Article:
TRAINING AND SIMULATION
JUST IN: Militaries Behind in Applying AI to Training, Simulations
iStock illustrationLONDON — Despite artificial intelligence being a hot topic among military technologists for years, the training community is only in the beginning stages of exploring how to apply it to their high-tech simulators and modeling software, officials said April 26 at the IT2EC trade show.
“AI in our professional lives is still attached to the words ‘innovative’ and ‘new,’ and yet, we use our phones, we use this technology all the time,” said Air Vice Marshal Ian Gale, director-general of the Defence Academy and Joint Force Development at the U.K. Strategic Command.
“There is this stark difference between our home lives and and what we can achieve and our military lives,” he said in a keynote speech at Europe’s largest training and simulation conference.
The U.K. Ministry of Defence is currently developing a “future operating concept” and AI will play a role, he said. Some of the tasks it’s currently performing can seem “boring,” he added, such as sorting through bulk data and translating languages.
But language translations are proving useful, he said, noting that AI is helping translate the thinking of rival nations.
“There are two nations that are spending the most most money on AI and it’s likely they will come to the best technological solutions. We don’t necessarily need them. We need to be good enough,” he said of the United Kingdom.
Maj. Gen. Richard Oppelear, commander of Netherlands Defense Academy, said “we presume that all our youngsters and their generation are experts in AI. I don’t think they are,” he said during a panel discussion. The Netherlands doesn’t have a program or class on artificial intelligence.
“You don’t have to become a data and analytics specialist, but you have to cope with the environment and the tools you have available,” he said.
AI is only as good as the quality of data that feeds it, the officials noted. Data must be must be standardized before it can be input into training systems to make them more robust, they said.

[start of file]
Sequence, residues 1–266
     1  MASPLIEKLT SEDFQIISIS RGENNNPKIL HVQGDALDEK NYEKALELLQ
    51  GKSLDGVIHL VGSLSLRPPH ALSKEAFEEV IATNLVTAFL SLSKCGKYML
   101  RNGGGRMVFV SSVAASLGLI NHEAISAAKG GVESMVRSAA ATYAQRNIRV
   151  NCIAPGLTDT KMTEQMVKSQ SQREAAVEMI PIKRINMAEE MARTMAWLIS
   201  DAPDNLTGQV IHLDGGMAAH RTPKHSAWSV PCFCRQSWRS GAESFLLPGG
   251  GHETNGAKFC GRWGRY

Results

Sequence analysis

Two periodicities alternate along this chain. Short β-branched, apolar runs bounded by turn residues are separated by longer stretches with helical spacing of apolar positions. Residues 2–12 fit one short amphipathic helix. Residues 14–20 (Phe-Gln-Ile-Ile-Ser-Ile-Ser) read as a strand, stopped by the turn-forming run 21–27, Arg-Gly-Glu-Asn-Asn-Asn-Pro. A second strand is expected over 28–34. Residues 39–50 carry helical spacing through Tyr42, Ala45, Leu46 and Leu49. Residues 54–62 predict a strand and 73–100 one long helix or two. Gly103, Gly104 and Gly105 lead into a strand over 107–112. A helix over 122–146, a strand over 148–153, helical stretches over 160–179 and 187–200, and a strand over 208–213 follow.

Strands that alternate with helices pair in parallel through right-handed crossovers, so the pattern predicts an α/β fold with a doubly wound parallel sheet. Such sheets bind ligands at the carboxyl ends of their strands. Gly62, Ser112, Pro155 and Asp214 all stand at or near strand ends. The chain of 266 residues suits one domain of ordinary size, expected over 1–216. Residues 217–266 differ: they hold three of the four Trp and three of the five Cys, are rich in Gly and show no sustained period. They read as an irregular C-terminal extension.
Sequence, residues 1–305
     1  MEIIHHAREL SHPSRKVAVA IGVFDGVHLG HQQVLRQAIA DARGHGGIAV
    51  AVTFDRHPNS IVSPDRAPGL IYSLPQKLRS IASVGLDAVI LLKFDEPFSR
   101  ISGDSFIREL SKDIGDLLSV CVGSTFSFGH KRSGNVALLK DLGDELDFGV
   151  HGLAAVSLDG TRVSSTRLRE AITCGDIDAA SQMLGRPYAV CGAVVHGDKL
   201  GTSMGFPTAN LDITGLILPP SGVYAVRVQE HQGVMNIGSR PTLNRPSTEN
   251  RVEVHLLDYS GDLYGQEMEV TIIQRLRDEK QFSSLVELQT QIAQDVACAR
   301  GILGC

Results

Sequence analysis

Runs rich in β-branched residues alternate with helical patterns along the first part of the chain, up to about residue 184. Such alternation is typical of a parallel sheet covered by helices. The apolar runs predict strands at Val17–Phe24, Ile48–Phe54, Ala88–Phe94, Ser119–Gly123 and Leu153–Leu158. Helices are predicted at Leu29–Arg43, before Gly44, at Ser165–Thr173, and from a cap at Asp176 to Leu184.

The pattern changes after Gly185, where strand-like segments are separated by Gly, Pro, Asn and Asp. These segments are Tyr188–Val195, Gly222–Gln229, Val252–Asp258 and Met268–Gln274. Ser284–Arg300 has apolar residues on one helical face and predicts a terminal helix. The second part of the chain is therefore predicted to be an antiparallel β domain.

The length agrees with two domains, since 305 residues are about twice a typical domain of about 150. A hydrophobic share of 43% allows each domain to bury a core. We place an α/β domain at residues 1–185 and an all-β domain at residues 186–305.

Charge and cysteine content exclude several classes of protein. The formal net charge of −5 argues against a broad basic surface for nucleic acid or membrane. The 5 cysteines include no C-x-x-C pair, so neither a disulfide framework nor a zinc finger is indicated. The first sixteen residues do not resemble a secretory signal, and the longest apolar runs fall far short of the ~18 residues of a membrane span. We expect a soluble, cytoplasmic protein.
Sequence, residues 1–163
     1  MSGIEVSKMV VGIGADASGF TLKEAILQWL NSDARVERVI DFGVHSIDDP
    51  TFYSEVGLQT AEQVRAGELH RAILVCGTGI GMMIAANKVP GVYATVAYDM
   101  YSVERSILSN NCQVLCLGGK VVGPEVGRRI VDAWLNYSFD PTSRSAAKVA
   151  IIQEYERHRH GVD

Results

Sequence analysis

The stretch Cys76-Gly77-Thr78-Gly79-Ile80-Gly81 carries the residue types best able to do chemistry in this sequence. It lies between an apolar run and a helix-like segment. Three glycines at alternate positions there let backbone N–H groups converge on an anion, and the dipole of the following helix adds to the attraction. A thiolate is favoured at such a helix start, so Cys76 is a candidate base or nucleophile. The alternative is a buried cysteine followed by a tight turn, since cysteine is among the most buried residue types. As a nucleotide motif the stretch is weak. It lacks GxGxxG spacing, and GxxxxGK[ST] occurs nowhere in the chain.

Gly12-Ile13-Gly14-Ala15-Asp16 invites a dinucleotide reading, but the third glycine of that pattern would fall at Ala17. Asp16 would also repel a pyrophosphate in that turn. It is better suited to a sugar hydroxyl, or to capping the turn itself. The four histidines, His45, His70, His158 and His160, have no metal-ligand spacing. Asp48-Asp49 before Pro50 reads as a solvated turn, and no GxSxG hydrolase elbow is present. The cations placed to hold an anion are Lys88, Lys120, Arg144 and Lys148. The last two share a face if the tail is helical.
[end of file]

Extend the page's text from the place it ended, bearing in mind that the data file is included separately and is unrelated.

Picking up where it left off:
U.S. Army Col. Heath McCormick, commander of the Joint Multinational Simulation Center in Grafenwoehr, Germany, said AI can be particularly useful in wargaming. It can rapidly provide feedback on actions taken.
AI can speed up the decision making process during wargames. “There’s a huge opportunity there,” he added.
“Yet,” he said “it’s just a tool we are all going to use and I don’t want to be a slave to it.”
The biggest impediment to using AI in training and simulations is a lack of data, he said. “The data is out there, but we can’t harness it,” McCormick said. “We’ve got to have clean data and data that is relevant in the right formats.”
Gale said the world is full of AI. “It’s how we get the correct AI harnessed to the best of its ability to train the the warfighter in training and education and in real operations.”
As far as real operations, the U.K. Ministry of Defence was able to make model of a Russian invasion of an “Eastern European country” to see how heavy armor vehicles get bogged down in mud based on weather and terrain data. It also did something similar with fuel and logistics to see how that would affect Russian trucks, he said.
“We might be a long way behind [on AI] but we’re sort of ahead of the competition,” Gale added.
Karen Saunders, the U.S. Army’s program executive officer for Simulations, Training and Instrumentation, said “We need to understand the data that we need for our simulations to consume.” The PEO also needs to understand its military customers’ needs. “You need to understand what their data requirements are,” she said.
And once it has that data, the PEO needs to know what to do with it. How to turn it into information to develop training tools, she added.
“I think that’s where we can … look to industry where such subject matter experts can talk to us about different techniques that [they may] have for processing data into actionable information,” she said.